Saturday, May 23, 2009


“Piranha 2: The Spawning” director James Cameron scored his first major cinematic hit with “The Terminator,” (*** out of ****) a gritty, on-the-run, rough-hewn, low-budget science fiction actioneer about time travel with a curious twist. Body builder Arnold Schwarzenegger of the “Conan” movies virtually guaranteed that this 107 minute exercise in murder and mayhem would be a blockbuster with his villainous, straight-faced portrayal of a relentless cyborg that will allow nothing to stand between its programmed objective of executing a woman, Sarah Connor, in the past. According to the Internet Movies Database, sci-fi writer Harlan Ellison took James Cameron to court over “The Terminator.” Ellison accused Cameron of plagiarizing two “Outer Limits” episodes that the former penned, specifically, "The Outer Limits: Soldier (#2.1)" (1964) and "The Outer Limits: Demon with a Glass Hand (#2.5)" (1964). Cameron has stated that these two episodes inspired him to make “The Terminator.” He may also have lifted the idea of "Skynet" from Ellison’s short story "I Have No Mouth and I Must Scream." The producers reached an out of court settlement with Ellison and acknowledged the writer in the ends credits. Later, director Franklin Adreon’s “Cyborg 2087” (1966) with Michael Rennie featured a similar plot about a cyborg dispatched back to the past, but it had a different mission. The cyborg in “Cyborg 2087” sought to curb government abuse in the future by going back to the past where free thinking is coming under attack.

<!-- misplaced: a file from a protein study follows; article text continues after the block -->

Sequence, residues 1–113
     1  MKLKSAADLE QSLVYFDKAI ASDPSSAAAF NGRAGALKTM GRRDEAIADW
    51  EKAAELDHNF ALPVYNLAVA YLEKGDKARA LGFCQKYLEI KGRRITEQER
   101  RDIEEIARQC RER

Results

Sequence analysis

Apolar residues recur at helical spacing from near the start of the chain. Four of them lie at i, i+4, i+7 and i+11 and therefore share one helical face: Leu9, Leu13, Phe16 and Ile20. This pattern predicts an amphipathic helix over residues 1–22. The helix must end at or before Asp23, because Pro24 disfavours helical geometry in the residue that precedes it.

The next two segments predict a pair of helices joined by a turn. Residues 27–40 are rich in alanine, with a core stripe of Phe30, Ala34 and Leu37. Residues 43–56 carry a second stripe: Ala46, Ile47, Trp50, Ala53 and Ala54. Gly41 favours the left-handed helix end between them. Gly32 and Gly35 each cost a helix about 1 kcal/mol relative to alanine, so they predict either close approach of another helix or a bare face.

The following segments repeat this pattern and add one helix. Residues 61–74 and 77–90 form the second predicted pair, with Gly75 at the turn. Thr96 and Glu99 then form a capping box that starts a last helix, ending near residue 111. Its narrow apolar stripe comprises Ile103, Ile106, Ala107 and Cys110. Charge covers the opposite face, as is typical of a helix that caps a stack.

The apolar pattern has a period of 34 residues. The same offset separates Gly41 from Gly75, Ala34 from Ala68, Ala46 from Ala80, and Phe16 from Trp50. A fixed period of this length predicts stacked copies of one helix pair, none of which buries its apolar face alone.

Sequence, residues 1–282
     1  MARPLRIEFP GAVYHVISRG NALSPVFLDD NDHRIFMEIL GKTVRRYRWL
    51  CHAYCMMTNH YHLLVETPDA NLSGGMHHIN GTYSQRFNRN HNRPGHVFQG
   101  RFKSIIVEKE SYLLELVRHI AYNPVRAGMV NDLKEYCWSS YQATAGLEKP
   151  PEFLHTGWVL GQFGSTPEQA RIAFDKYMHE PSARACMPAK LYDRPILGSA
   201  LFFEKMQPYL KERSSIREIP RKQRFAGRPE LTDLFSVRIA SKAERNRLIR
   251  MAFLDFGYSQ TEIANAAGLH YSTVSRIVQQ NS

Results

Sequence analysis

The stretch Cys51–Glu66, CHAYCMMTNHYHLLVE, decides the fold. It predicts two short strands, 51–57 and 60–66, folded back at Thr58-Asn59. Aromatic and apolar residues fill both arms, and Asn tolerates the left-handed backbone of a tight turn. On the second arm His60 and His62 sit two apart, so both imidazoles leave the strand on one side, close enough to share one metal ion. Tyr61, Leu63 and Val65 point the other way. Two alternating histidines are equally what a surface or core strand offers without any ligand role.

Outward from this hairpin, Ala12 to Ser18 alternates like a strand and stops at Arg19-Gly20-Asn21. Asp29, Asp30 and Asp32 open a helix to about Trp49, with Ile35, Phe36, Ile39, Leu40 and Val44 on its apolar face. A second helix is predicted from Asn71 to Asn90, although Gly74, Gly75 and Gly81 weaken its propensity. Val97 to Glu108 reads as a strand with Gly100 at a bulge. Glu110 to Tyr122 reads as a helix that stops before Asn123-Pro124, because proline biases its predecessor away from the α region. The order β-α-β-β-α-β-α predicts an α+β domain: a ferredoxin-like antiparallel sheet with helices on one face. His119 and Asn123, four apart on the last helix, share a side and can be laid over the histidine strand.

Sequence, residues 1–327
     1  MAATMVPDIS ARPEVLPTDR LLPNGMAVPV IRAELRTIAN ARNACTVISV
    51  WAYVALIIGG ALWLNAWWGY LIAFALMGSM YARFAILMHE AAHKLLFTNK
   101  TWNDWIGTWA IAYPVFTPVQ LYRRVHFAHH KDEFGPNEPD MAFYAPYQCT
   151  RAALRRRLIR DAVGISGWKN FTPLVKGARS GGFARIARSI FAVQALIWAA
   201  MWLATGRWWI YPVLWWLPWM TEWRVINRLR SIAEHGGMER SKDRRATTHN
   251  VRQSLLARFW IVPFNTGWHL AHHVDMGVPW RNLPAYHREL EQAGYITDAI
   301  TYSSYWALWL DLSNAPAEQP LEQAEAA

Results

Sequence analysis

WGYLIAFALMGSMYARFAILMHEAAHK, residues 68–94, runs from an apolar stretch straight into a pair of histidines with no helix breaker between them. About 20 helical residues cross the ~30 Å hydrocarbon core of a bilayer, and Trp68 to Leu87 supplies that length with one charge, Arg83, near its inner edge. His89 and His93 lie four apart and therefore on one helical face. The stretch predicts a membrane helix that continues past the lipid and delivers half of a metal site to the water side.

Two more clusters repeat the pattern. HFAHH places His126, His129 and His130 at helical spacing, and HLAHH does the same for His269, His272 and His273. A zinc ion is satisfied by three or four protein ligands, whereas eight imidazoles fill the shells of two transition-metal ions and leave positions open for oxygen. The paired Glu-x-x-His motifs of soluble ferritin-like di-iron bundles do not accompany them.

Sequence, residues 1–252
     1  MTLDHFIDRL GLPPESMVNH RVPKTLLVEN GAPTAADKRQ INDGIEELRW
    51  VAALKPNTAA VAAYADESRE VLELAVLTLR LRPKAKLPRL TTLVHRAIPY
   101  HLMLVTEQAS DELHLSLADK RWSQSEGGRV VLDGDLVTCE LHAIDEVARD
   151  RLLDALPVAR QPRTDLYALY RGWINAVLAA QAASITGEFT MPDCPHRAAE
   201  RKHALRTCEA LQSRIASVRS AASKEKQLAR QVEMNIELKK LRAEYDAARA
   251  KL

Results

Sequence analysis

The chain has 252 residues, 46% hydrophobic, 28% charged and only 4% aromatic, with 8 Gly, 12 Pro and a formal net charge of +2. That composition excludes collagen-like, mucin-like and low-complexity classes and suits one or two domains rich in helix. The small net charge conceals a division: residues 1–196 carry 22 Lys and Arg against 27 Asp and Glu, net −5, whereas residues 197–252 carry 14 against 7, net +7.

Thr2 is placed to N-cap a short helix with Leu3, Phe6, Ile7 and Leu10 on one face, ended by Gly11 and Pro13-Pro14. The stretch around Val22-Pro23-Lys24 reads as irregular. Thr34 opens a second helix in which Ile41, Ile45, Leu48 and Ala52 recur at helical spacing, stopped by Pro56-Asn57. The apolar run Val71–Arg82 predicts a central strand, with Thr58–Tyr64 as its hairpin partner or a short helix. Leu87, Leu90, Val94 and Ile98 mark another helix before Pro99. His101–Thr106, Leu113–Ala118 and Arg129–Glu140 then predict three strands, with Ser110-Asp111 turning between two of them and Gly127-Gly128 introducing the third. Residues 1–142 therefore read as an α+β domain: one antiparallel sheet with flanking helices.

“The Terminator” opens in Los Angeles in 2029 A.D., at night while enemy Hunter Killer hovercraft prowl the post-apocalyptic rubble of the city for human prey. Heavy combat vehicles with massive treads on their wheels crush hundreds of human skulls into powder while human survivors exchange fire with skeletal metal terminators with fiery red eyes. A preamble of sorts comes up and sets the scene: The machines rose from the ashes of the nuclear fire. Their war to exterminate mankind had raged for decades, but the final battle would not be fought in the future. It would be fought here in our present . . . tonight. The actual story unfolds at 1:52 AM when a garbage truck driver watches crackling blue plasma-type waves envelope him and his vehicle.

A garbage truck operator is emptying trash bins when a plasma-like web of jagged blue lighting bolts envelopes his vehicle and shuts off the vehicle’s power. He flees when the T-101 Terminator assassin (Arnold Schwarzenegger) appears naked out of nowhere. Skynet has sent the T-101 from the future back to the year 1984 to kill the mother of resistance leader John Connor. The naked t-101 saunters up to a trio of punks at the Griffith Park Observatory overlooking Los Angeles. An obnoxious, blue-haired punk (Bill Paxton of “Aliens” and “Twister”) and his friend (veteran heavy Brian Thompson of “Sudden Impact” and “Cobra”) ridicule T-101. The Terminator kills both of them while the third strips off his clothing. Meanwhile, elsewhere in L.A., another naked man, Kyle Reese (Michael Biehn of “The Rock”) materializes from the future. He steals a homeless man’s pants, evades the L.A.P.D., and breaks into a clothing store, steals Nike sneakers and a trench coat. Whereas the T-101 wants to kill Sarah, Kyle wants to save her! Not surprisingly, young Sarah Connor doesn’t have a clue that anybody yearns to either murder her or save her life.